Just like the nut-jobs who worry about a manufactured crisis:
Minnite said that it's extremely irrational for a person to intentionally pose as someone else at the polls. There's a big risk of getting caught, she said. And having a photo ID requirement isn't likely to deter someone who's that intent on deceiving people, she said. More than likely, if a person is that determined to commit voter fraud, that person would get a fake photo ID, she said.
Strach, however, argued that there is simply no way for a poll worker to know if voters are telling the truth about who they are.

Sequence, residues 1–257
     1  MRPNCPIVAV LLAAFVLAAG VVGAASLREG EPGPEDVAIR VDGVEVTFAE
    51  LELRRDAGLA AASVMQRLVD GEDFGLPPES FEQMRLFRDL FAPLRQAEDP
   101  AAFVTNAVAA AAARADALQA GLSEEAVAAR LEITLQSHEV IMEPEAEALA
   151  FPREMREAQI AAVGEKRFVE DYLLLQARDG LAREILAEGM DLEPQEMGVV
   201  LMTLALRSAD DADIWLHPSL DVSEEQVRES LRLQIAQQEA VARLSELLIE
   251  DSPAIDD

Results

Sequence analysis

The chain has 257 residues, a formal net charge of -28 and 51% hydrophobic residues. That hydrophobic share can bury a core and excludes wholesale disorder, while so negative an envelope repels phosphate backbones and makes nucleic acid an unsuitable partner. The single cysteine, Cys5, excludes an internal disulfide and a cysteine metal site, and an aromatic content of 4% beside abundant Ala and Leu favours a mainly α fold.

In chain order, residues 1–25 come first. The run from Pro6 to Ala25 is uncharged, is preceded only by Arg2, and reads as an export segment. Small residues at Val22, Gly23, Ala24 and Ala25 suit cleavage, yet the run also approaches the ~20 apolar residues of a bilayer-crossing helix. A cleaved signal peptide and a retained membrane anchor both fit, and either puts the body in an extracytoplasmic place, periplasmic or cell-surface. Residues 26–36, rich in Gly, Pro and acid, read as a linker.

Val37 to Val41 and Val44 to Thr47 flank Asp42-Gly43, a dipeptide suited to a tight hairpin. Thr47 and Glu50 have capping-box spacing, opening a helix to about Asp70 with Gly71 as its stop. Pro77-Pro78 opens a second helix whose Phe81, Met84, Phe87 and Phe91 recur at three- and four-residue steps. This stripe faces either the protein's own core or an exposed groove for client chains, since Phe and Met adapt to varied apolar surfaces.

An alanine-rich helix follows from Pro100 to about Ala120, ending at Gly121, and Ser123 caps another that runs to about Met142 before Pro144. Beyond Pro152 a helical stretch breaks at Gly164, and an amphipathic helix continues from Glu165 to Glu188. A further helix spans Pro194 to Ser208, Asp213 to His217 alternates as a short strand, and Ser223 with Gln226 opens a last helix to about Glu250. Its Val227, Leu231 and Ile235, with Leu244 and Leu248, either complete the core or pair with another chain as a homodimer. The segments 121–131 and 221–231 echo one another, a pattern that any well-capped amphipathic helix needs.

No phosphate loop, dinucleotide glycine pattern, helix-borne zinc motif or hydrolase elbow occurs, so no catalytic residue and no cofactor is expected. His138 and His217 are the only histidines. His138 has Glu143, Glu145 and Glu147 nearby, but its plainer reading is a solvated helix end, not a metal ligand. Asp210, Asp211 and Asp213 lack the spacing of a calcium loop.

Of course they can't "know" for sure if somebody is telling the truth, but they can make a reasonable assumption based on how stupid it would be to risk going to jail to cast one (or even twenty) fraudulent votes. We shouldn't even be talking about this, much less having to go to court to stop it. To make changes to voting access based on "what if's" and not overwhelming evidence is, in itself, proof of the nefarious purpose behind these laws. Unfortunately, this whole legal process is flawed. We have to prove the GOP intentionally passed these laws to make exercising their Constitutional rights harder for some people, but they didn't have to prove a damn thing before passing the laws themselves. No matter how stupid/unnecessary/burdensome these laws are, in the absence of a smoking gun, the judge will end up siding with the Legislature. I hope I'm proven wrong.